"They had to take all these houses out and dig big holes to put the fire out," Pegula recalled. "That was probably the start of my interest in rocks. I used to go over there and sit and watch them dig, and I got interested. I was hunting fossils and whatnot. Even though I'm an engineer I had a keener interest in geology. I'm actually a self-taught geologist. That's probably been my strength in building my business."
Pegula said that his family, including grandparents, had scraped together enough money to send him to Scranton Prep, and that he had hitchhiked the 15 miles to and from school each day.
"Some days I wasn't lucky getting rides," he said. "I remember some nights getting home at 10:30 at night and had to do my homework. I still have all my mother's checks she wrote to pay tuition. I think my first-year tuition was $412."
The sale of East Resources included a Marcellus Shale lease hold for more than 650,000 acres in the Appalachian Basin, a major contributor to the natural-gas supply in the United States.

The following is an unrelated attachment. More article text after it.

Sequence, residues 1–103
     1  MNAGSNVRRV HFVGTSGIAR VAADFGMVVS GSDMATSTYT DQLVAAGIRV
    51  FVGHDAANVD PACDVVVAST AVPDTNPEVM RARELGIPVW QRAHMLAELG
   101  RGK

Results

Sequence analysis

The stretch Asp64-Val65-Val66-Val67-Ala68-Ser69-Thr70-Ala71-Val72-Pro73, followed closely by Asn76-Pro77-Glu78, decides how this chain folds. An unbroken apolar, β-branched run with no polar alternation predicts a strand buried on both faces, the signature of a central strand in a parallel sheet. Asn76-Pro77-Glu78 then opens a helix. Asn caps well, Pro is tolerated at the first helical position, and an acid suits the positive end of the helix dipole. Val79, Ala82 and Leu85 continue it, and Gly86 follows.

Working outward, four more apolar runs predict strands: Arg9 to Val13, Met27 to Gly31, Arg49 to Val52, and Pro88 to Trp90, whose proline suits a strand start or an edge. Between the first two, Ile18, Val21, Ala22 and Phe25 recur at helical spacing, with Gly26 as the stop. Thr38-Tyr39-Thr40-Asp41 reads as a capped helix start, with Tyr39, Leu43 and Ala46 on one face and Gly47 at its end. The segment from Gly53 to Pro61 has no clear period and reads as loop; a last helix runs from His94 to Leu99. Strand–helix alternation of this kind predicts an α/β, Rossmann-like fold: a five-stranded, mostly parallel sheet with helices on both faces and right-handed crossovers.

An intense debate is taking place over the environmental and public-health impact that drilling the Marcellus Shale region for natural gas could have on drinking water. The Associated Press reported Friday that a consulting firm said it had found toxic chemicals that could cause cancer in the drinking water in Dimock, Susquehanna County. The firm said it would be impossible to determine if the cause was natural-gas drilling, known as "fracking." Shale deposits are hydraulically fractured to unlock natural gas thousands of feet underground.
Pegula, not surprisingly, defended hydraulic fracturing and said Pennsylvania was on the cusp of becoming one of the top producers of natural gas in the country. He said he would lobby for the oil and gas industry that has allowed him his good fortune.
"This is the tip of the iceberg of what's going to happen in this state because of the good fortune Pennsylvania has by sitting on top of the Marcellus," he said. "The state's got a great future because of this thing. I like to say there are landowners - hundreds, maybe thousands - who have hit the lottery and don't know it yet."